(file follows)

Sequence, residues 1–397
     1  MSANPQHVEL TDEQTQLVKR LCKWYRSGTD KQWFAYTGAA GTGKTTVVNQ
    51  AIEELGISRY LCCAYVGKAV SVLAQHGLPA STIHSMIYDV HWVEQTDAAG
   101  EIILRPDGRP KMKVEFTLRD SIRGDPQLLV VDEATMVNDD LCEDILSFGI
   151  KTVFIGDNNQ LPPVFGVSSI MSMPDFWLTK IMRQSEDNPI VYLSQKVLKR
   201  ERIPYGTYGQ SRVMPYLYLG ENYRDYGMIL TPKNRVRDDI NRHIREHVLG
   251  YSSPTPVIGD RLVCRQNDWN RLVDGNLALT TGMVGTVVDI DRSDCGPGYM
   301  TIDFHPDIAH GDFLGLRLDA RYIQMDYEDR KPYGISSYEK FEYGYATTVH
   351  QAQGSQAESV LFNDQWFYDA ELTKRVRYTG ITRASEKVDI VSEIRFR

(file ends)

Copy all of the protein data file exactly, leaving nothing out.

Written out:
Sequence, residues 1–397
     1  MSANPQHVEL TDEQTQLVKR LCKWYRSGTD KQWFAYTGAA GTGKTTVVNQ
    51  AIEELGISRY LCCAYVGKAV SVLAQHGLPA STIHSMIYDV HWVEQTDAAG
   101  EIILRPDGRP KMKVEFTLRD SIRGDPQLLV VDEATMVNDD LCEDILSFGI
   151  KTVFIGDNNQ LPPVFGVSSI MSMPDFWLTK IMRQSEDNPI VYLSQKVLKR
   201  ERIPYGTYGQ SRVMPYLYLG ENYRDYGMIL TPKNRVRDDI NRHIREHVLG
   251  YSSPTPVIGD RLVCRQNDWN RLVDGNLALT TGMVGTVVDI DRSDCGPGYM
   301  TIDFHPDIAH GDFLGLRLDA RYIQMDYEDR KPYGISSYEK FEYGYATTVH
   351  QAQGSQAESV LFNDQWFYDA ELTKRVRYTG ITRASEKVDI VSEIRFR